Iran Focus: Unrest in Iran

Iran Focus has three stories up today, reporting unrest in the Kurdish parts of Iran and in Tehran. A traditional Persian holliday, declared un-islamic by the mullahs and hence forbidden is turning into massive anti-government demonstrations by Iranian youths.

In Kurdistan authorities have declared martial law:
Iranian authorities have imposed a de facto martial law in several volatile cities in the north-western province of Kurdistan as restive youths used the occasion of Iran’s traditional “fire festival” to hold anti-government protests, residents told Iran Focus by telephone on Tuesday.

Agents of the paramilitary police, the Revolutionary Guards, and plainclothes agents of the secret police, the Ministry of Intelligence and Security, moved in to take control of the cities to limit unrest as people took to the streets.

There is a heavy police presence at every major junction, square, and highway in and around the cities of Sanandaj, Piranshahr, and Mahabad and security forces are attempting to arrest any individual seeking to take part in protests.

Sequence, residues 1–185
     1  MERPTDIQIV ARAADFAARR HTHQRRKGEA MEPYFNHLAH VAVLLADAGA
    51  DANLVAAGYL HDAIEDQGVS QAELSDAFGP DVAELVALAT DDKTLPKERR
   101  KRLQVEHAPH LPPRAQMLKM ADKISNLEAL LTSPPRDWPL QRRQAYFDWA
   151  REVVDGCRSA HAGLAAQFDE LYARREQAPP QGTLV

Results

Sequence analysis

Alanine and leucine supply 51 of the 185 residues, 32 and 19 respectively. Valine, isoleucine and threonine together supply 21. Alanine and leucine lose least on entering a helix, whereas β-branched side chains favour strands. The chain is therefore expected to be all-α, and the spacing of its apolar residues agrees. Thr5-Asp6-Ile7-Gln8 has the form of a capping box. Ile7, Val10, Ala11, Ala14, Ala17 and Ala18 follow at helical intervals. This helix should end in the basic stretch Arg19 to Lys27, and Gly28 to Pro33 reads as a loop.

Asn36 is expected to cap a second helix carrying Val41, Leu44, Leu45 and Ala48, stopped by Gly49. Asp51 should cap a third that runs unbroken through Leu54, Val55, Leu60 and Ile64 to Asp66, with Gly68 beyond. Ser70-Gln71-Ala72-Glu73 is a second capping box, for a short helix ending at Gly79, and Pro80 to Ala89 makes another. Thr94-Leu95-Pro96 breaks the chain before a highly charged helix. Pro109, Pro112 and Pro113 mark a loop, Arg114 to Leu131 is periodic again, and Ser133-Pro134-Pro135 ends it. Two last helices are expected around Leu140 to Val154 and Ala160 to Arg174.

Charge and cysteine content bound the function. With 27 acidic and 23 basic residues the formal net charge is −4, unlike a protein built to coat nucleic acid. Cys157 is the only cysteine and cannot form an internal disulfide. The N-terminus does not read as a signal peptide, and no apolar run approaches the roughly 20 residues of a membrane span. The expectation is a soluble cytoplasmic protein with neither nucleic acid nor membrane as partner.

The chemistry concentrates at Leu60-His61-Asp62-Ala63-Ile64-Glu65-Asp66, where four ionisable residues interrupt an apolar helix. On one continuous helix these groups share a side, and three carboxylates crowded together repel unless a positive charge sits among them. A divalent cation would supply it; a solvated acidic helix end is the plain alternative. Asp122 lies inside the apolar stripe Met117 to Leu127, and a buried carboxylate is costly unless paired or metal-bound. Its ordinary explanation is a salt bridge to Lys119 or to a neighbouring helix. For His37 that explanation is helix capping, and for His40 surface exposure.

In Piranshahr, banks, police cars, and government buildings were set on fire as violent clashes erupted on Saturday between security forces and angry residents.

Protests began after agents of the State Security Forces (SSF) shot and killed a young man in his car at a stop-and-search point.

At least five police vehicles were set on fire during the clashes between young protesters and security agents.

Reports from the Kurdish city of Mahabad in north-western Iran said that widespread clashes had broken out on Friday between residents and security forces after a detained man was shot at point blank by security agents.
In Tehran and around the country mobile phone networks are shut down and motorcycle riding has been banned:
The Tehran Public Prosecution Office has issued a statement, announcing that individuals caught creating “disruption in public order” will receive jail sentences of between three months to one year and up to 74 lashes on their backs in accordance with Iran’s Islamic laws.

Individuals caught distributing fireworks will receive between three and ten years in prison, the statement said.
Despite these rather draconian measures youths have come out in Tehran and elsewhere openly burning pictures of current 'Supreme Leader' Ayatollah Khamenei and Ayatollah Khomeini.
Iran’s main opposition group, the Mojahedin-e Khalq (MeK), has issued an appeal to people across the country to take part in the celebrations on the night and turn it into an anti-government protest.


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